The elegant recursive solution to a problem is most of the times invaluable. Although the iterative solution of that problem is likely to have a better space and time complexity, it is often preferred to use the recursive version for clarity and simplicity. It is remarkable how easily a problem can be solved by use of a recursive manner. In this article we will try to record a collection of useful recursive functions:

## Tag Archive: linked list

The following program reads a set of edges that define a graph and creates a representation of this graph with an adjacency list. The adjacency list of a graph is an array of lists, one for each vertex, where the j-th list contains a linked list of the nodes which are connected with the j-th vertex.

The following program generates N random integers between 0 and 999, creates a linked list inserting a number in each node and then rearranges the nodes of the list so that the numbers appear sorted when we go through the list. For the sorting, it maintains two lists: one input list (not sorted) and one output list (sorted). In each iteration of the loop, it removes a node from the input list and enters it in the appropriate position in the output list. The code is simplified by using head nodes for each list, which contains links to the first node lists. Also, both lists (input and output) are printed.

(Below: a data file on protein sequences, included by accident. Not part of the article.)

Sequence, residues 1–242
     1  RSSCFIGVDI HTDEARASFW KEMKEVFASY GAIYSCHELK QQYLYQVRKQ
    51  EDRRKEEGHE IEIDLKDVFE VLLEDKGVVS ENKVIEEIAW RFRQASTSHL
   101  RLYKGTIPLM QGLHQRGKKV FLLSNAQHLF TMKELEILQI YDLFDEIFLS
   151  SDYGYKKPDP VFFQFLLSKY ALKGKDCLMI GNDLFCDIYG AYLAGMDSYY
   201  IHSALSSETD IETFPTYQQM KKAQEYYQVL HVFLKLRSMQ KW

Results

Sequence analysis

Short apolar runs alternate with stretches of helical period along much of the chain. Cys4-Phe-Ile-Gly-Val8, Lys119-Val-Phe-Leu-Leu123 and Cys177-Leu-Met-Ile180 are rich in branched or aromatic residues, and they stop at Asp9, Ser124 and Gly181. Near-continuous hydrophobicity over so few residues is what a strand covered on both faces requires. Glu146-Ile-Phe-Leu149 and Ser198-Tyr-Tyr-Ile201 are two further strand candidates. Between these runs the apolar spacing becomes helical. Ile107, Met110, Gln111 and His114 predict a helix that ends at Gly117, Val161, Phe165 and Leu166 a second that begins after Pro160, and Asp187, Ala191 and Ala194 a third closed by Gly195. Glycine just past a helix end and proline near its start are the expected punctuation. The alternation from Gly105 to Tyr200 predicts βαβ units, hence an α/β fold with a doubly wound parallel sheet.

The function ‘reverse’ in the following example reverses the links in a list, returning a pointer to the end node, which then shows the next of the last node, and so forth, while the link to the first node of the initial list is assigned the value 0 corresponding to null pointer (in C++). To accomplish this task, we must maintain links to three consecutive nodes in the list.

For the representation of individuals arranged in a circle, we create a circular linked list with a combination of each person to the person on his left in the circle. The integer i represents the i-th person in the circle. After you create a circular list of one node for 1, we insert its unique node to nodes 2 to N. We end up with a cycle from 1 to N, with x indicating the node N. Then, starting from 1 we omit M-1 nodes, we define the pointer of the (M-1)-th node to omit the M-th, and continue that way until only one node remains in the list.

This project refers to an Arduino library for implementing a generic, dynamic queue (linked list version).

The data structure is implemented as a class in C++.

For more information, you can get the project itself ‘QueueList‘.

This project refers to an Arduino library implementing a generic, dynamic stack (linked list version).

The data structure is implemented as a class in C++.

For more information, you can get the project itself ‘StackList‘.